Painful Skin Ulcer ­Develops in Older Woman on Dialysis


Although calciphylaxis is a dermatologic diagnosis, most dermatology practitioners have never seen a case, yet most nephrology practitioners can identify calciphylaxis simply by viewing a lesion. Calciphylaxis is seen in 1%–4% of long-term dialysis patients, but can also be seen in patients with autoimmune diseases such as Crohn disease or lupus nephritis, cancer, hypercoagulable states and parathyroid disease.9

Traditional risk factors for calciphylaxis, besides uremia, are as follows: female sex, obesity, Caucasian race, high phosphorus and/or intact PTH level, maintaining on medications such as warfarin, vitamin D analogues, oral calcium and systemic corticosteroids.10

The natural course of the disease is indolent with a one-year survival rate of less than 50%, even with treatment.11 The pain that accompanies the lesion(s) cannot be overstressed. It is searing and continuous, as though a part of the body is clotted off. Treatment is multifactorial, and various specialists need to be involved to maximize the chance of wound healing. With the high rate of death and limb loss associated with calciphylaxis, the more aggressive the treatment, the better the chance of overall and limb survival.12

Prevention is vital since survival rates are poor. While calciphylaxis is more common among dialysis patients, cases that occur in patients without renal disease are more likely to be missed. A report on breast calciphylaxis that occurred after coronary artery bypass graft was recently published.13 At present, there are no specialized laboratory tests for diagnosing calciphylaxis; the patient’s phosphorus, calcium and/or intact PTH levels may be elevated, but just as often, they are in the normal- or low-range.14 Skin necrosis, typically referred to as metastatic calcification, can occur at normal levels.15 Even with normal readings, calcium and phosphate crystals can progressively accumulate in the small blood vessels of the fat tissue and skin. A high index of suspicion must be entertained when confronted with a suspicious lesion.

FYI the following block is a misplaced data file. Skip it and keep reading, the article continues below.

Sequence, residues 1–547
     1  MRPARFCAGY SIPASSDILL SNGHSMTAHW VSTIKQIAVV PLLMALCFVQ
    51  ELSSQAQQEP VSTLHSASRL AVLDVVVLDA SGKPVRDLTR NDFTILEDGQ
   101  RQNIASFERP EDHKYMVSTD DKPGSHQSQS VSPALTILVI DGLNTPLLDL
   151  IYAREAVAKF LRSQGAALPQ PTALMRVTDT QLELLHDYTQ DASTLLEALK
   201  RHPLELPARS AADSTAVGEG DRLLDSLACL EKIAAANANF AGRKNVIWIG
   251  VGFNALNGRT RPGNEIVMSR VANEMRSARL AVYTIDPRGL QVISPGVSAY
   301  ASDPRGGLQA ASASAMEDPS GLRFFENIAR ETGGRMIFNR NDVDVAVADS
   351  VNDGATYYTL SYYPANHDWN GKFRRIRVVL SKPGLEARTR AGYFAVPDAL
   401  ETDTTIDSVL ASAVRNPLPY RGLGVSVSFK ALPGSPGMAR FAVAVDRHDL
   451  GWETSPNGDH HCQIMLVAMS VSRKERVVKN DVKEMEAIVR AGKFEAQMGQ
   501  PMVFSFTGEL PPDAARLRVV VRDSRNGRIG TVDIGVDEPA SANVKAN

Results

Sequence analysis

Mrs. V has been out of treatment for two years now. She spent two months in rehabilitation after her episode of calciphylaxis and was then weaned off of pain medications. She claims to be the only patient ever who was thrilled to have a bilateral mastectomy. She is now teaching phosphorus control to the other dialysis patients at the unit, and often states that she counts her blessings that she was one of the few who survived.

Kim Zuber, MS, PA-C, is a physician assistant practicing in Alexandria, Va.; Bill Bartow, PA-C, is the Clinical Director of the INOVA Wound Healing Center in Alexandria, Va.; and Jane Davis, DNP, practices in Birmingham, Ala.


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This article originally appeared on Clinical Advisor